Tags: warren buffett | berkshire hathaway | clayton loans | abusive

Buffett Offers 'No Apologies' for Clayton Loans Called Abusive

Sunday, 03 May 2015 11:31 AM

Warren Buffett said the Clayton Homes unit owned by his Berkshire Hathaway Inc. has behaved well and an article that questioned the business’s practices contained important errors.

Clayton is “rather extraordinary in the home-building and mortgage business,” Buffett said Saturday during Berkshire’s annual meeting in Omaha, Nebraska. He said he’ll offer “no apologies” for the operation.

The Seattle Times and Center for Public Integrity reported last month on “deceptive” sales and lending practices at Clayton, trapping borrowers in residences that were difficult to resell.

Customers said collection agents working for the mobile- home manufacturer told them to cut back on food and medical care to make house payments, according to the report.

Buffett described as “nonsense” an assertion in the article that Clayton’s profit margin is 20 percent. He questioned whether the authors understood accounting principles, and showed slides that indicated the unit’s after-tax profit is 2 percent.

“Anyone who understands accounting wouldn’t make a mistake like that,” Buffett said.

The Center for Public Integrity and the Seattle Times issued a statement after Buffett’s remarks, saying that their reporting didn’t claim the profit margin was 20 percent.

“The story simply quoted an affidavit from a Clayton Homes executive detailing average profits on three years of home sales in one state, which were about 20 percent of the retail price,” according to the statement. “The Center and the Times stand by their reporting.”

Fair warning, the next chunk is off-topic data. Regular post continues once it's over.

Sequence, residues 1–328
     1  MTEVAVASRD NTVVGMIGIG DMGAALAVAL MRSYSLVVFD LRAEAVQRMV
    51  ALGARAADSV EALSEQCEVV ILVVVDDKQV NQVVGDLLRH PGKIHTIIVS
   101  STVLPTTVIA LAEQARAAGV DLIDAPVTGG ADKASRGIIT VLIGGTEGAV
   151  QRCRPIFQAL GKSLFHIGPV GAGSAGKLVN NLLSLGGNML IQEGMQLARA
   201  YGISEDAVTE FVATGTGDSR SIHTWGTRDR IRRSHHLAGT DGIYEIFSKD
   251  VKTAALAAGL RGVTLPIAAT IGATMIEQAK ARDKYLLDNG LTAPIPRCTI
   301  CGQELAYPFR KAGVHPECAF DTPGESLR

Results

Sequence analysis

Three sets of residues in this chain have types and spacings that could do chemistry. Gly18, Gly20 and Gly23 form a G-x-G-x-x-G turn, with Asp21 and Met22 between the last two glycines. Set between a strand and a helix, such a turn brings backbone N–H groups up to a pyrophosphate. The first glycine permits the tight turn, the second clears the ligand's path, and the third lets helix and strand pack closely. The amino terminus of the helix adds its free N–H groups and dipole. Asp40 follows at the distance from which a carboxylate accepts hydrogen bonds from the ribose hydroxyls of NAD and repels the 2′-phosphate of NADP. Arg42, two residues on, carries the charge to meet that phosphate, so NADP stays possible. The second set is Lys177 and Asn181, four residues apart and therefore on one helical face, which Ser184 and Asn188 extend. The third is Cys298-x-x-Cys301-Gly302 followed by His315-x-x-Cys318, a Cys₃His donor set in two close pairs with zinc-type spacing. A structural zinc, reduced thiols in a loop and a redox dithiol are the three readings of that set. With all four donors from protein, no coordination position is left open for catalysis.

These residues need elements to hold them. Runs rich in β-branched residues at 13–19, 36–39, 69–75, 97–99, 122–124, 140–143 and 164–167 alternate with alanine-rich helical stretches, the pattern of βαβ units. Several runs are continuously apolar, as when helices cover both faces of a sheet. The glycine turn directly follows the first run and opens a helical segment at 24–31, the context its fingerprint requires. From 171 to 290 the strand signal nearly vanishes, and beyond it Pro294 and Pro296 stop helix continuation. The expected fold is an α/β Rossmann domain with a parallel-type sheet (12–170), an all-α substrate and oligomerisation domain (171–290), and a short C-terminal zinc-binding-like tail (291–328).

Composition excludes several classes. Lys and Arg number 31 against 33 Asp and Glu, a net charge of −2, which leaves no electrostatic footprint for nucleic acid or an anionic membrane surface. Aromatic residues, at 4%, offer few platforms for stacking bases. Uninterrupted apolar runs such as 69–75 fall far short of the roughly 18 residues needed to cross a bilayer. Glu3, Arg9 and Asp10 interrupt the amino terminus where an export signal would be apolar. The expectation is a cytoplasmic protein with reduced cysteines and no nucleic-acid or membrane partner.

Clayton’s Growth

Clayton has expanded since Berkshire bought it in 2003. It now builds almost half the new units in the industry, according to the Times. The manufacturer also makes six times more loans to buy mobile homes than any other lender, the report showed.

Clayton called the article “misleading” and rebutted the newspaper’s claims in a two-page statement, saying most customers are satisfied with their homes and mortgages.

“The unfortunate reality is that some customers have trouble making their monthly payments when they experience a significant life-event – divorce, job loss, or medical issue,” Clayton managers wrote.

“When a home is foreclosed no one wins – the company loses money and more significantly the customer loses their home.”

Buffett, 84, built Omaha-based Berkshire over the past five decades into one of the biggest companies in the world.

Its operations now include insurers, manufacturers, retailers, electric utilities and one of the largest railroads in the U.S.

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Warren Buffett said the Clayton Homes unit owned by his Berkshire Hathaway Inc. has behaved well and an article that questioned the business's practices contained important errors.
warren buffett, berkshire hathaway, clayton loans, abusive
Sunday, 03 May 2015 11:31 AM
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